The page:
South Africa on Monday claimed a major diplomatic victory as Nkosazana Dlamini-Zuma won the hotly contested race to lead the African Union Commission.
The win is seen to boost South Africa's foreign policy goal of establishing itself as the continent's voice.
Dlamini-Zuma beat the incumbent, Jean Ping of Gabon, in a closely fought election over several rounds of voting late Sunday, in what some observers took as a diplomatic coup on the French-speaking regions of Africa.
It is a "huge diplomatic victory" for the country, the region and the continent because South Africa's foreign policy is keyed into the "pursuit of the African agenda... and the promotion of human rights and democracy, good governance", said South African foreign ministry spokesman Clayson Monyela.
Alex Vines of the British think-tank Chatham House saw the election of the seasoned diplomat as "highly significant".
"It strengthens South Africa's continental efforts to position" itself as a leader in Africa, said Vines.
Others however consider the win as a breach of an unwritten tradition that continental powerhouses do not field candidates for the top AU post, but leave smaller nations to take the job.
But her election "sets a precedent now for big African states to compete in the future for this position -- such as Egypt and Nigeria, (which) as South Africa have an eye on a Security Council seat through UN reform," Vines told AFP.
Before the vote Dlamini-Zuma, who has refused to be tagged an "English-speaking candidate" running against the French-speaking Ping, had played down concerns that the vote could divide the AU.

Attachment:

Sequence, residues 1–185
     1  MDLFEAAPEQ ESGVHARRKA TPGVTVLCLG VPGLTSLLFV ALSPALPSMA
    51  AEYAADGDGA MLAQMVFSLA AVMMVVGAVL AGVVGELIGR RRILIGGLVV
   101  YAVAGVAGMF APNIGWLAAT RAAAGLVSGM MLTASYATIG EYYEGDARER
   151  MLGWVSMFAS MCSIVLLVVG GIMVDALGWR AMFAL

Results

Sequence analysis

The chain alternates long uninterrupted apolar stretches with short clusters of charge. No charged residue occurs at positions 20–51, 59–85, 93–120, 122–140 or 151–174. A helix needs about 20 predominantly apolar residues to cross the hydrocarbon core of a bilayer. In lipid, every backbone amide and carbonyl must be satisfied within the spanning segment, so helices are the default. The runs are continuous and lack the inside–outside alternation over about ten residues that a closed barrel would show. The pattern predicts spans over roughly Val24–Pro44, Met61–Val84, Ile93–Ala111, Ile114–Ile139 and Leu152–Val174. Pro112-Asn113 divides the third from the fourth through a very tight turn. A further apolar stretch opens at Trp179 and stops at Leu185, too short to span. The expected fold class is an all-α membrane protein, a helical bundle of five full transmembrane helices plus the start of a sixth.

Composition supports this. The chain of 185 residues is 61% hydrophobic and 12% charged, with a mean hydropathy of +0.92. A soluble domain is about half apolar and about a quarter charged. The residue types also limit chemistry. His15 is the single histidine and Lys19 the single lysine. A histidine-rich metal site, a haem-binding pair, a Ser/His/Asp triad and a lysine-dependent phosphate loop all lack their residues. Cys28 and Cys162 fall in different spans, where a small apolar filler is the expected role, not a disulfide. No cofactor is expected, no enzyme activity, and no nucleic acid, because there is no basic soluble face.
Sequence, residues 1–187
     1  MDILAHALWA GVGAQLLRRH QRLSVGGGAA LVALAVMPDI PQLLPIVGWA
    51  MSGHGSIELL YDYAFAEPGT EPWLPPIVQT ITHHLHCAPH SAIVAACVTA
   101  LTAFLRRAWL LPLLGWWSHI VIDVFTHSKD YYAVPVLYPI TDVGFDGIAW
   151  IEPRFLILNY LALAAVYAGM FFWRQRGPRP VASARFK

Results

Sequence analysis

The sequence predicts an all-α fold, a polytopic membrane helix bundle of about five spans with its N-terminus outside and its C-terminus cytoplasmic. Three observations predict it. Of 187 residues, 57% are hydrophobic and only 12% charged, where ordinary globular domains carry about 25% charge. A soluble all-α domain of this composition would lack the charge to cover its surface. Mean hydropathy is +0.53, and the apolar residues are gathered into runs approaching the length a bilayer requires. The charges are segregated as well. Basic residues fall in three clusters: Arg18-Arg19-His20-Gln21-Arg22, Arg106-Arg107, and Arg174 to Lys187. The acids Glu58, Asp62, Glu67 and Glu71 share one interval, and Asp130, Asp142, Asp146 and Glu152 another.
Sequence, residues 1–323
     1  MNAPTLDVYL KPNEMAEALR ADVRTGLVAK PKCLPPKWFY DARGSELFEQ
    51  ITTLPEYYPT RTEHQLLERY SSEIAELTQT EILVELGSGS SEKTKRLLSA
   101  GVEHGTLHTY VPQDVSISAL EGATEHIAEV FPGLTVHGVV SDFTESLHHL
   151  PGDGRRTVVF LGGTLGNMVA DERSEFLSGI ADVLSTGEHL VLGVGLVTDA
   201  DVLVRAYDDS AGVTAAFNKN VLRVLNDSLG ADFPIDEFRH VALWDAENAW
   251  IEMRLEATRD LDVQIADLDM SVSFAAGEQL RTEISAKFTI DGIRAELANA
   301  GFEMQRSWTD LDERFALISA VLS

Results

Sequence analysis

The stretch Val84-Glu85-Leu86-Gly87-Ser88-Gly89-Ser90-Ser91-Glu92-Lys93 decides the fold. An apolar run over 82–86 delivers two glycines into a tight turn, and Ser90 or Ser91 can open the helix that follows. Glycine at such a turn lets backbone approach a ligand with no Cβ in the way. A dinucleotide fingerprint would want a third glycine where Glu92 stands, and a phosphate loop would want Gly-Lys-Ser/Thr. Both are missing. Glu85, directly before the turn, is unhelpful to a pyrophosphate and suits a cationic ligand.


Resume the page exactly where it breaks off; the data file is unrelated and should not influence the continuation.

"I don't think the continent will be polarised," she said.
But analysts insist fissures already exist between regions in the pan-African body, while other parts of the continent don't really see themselves as belonging to Africa.
"She will face major challenges of unifying the African Union," said Dirk Kotze of the University of South Africa.
"Regions in Africa play a key role in the AU in resolving conflicts. Egypt on the other hand is closer to the Middle East than the AU," said Kotze.
Vines said "Dlamini-Zuma will have to focus on rebuilding relationships, especially with a number of francophone African states".
Monyela believes the new AU Commission chief "will take Africa forward, will unite the continent."
The new job also "presents South Africa with an opportunity to establish Africa as a proponent of value-driven international relations, based on the principles of democracy and human rights," according to South Africa's main opposition party, the Democratic Alliance.
Back home, President Jacob Zuma, who faces a party leadership vote in December -- and who is Dlamini-Zuma's ex-husband -- is likely to ride on his former wife's victory "domestically to demonstrate his leadership," said Vines.
The women's league of the ruling African National Congress said she will forge ahead the struggle for gender equality on the continent.
Her election as the first woman to head the organisation "speaks volumes for the gains made in fighting patriarchy on the African continent," said the league.
On the streets, Johannesburg-based Zimbabwean Derek Mtambo, 32, a freight broker, thinks "politically, she's going to mould Africa, I'm very confident."
"She's going to look at some hotspots... for example, the Zimbabwean crisis. She will tackle that one definitely," Mtambo said.